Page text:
For most applications, running in ARCHIVELOG mode is preferable to running in NOARCHIVELOG mode because you have more flexible recovery options after a data loss, such as point-in-time recovery of the database or some tablespaces. There are, however, associated costs of running in ARCHIVELOG mode:
Space must be set aside for archiving destinations, locations on disk where the archived redo logs will be stored. These can become quite large in databases with large numbers of updates.
The stored archived redo logs must be managed. To limit the disk space used by archived redo logs, archived redo logs can be moved to tape for longer-term storage, and older logs no longer needed to meet your recoverability goals should be deleted. (RMAN can automate most of the management of archived redo logs, by recording the location and contents of all archived redo logs, making it easy to move archived logs to tape, and identifying and deleting redo logs no longer required to meet your recoverability objectives.)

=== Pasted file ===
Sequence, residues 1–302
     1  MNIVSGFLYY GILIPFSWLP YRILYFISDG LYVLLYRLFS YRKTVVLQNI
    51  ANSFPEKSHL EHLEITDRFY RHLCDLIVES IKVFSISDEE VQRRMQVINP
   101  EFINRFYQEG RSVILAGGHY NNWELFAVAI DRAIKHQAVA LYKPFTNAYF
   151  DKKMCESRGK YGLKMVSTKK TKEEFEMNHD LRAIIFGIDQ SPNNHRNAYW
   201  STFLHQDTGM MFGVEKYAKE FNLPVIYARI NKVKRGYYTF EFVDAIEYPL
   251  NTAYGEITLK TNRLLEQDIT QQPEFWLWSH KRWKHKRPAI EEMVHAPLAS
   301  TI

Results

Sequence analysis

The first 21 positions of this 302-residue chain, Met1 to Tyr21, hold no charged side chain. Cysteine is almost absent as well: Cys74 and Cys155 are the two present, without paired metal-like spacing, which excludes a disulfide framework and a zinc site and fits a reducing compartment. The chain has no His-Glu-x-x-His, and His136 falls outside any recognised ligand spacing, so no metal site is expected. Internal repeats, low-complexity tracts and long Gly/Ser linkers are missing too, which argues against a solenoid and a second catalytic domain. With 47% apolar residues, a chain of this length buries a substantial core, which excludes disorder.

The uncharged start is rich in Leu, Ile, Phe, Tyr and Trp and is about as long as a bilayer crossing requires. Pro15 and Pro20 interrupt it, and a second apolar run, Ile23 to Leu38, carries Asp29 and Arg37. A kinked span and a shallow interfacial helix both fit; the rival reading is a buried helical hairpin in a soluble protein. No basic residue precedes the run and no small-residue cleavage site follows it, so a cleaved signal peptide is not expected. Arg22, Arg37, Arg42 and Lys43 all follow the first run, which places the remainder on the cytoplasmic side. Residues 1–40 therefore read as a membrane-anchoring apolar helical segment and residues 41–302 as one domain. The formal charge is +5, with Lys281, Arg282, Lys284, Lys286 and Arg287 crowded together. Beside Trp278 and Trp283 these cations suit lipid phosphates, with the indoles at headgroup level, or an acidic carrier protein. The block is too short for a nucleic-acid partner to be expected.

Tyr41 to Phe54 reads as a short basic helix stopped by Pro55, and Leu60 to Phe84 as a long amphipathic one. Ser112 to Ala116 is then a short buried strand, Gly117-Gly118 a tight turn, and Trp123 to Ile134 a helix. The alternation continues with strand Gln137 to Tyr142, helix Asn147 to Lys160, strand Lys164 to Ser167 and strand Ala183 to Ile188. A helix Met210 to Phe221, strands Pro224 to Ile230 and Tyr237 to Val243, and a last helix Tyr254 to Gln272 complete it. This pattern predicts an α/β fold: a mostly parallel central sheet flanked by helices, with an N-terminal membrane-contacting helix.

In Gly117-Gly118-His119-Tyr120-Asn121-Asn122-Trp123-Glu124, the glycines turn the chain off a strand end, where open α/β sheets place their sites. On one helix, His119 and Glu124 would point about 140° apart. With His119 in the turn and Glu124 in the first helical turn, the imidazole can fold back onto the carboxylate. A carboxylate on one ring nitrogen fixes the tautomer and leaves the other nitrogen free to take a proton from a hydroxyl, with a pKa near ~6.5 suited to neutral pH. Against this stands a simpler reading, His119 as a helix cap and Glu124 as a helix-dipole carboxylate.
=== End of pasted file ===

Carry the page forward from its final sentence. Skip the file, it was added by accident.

Some performance overhead is associated with the background processes ARC0 through ARCn which copy filled online redo logs to the archiving destinations.
When performance requirements are extreme or disk space limitations are severe, it may be preferable to run in
NOARCHIVELOG mode in spite of the limitations that this choice imposes upon your recovery options.
Using the flashback features of Oracle improves the availability of your database when repairing the effects of unwanted database changes. The logical-level flashback features allow the objects not affected to remain available, and Flashback Database allows for faster rewind of the entire database than point-in-time recovery.
If you intend to take advantage of the logical-level flashback features of Oracle, you must take into account how the database manages undo data. See Oracle Database Concepts and Oracle Database Administrator's Guide for more information about undo data and automatic undo management.
Incorporating Flashback Database or guaranteed restore points into your strategy requires that you enable a flash recovery area, as well as creating guaranteed restore points at the right points in time, or configuring flashback logging. See Chapter 5, "Data Protection with Restore Points and Flashback Database" for more information on the role that these features can play in your data protection strategy and the requirements for using them separately or together.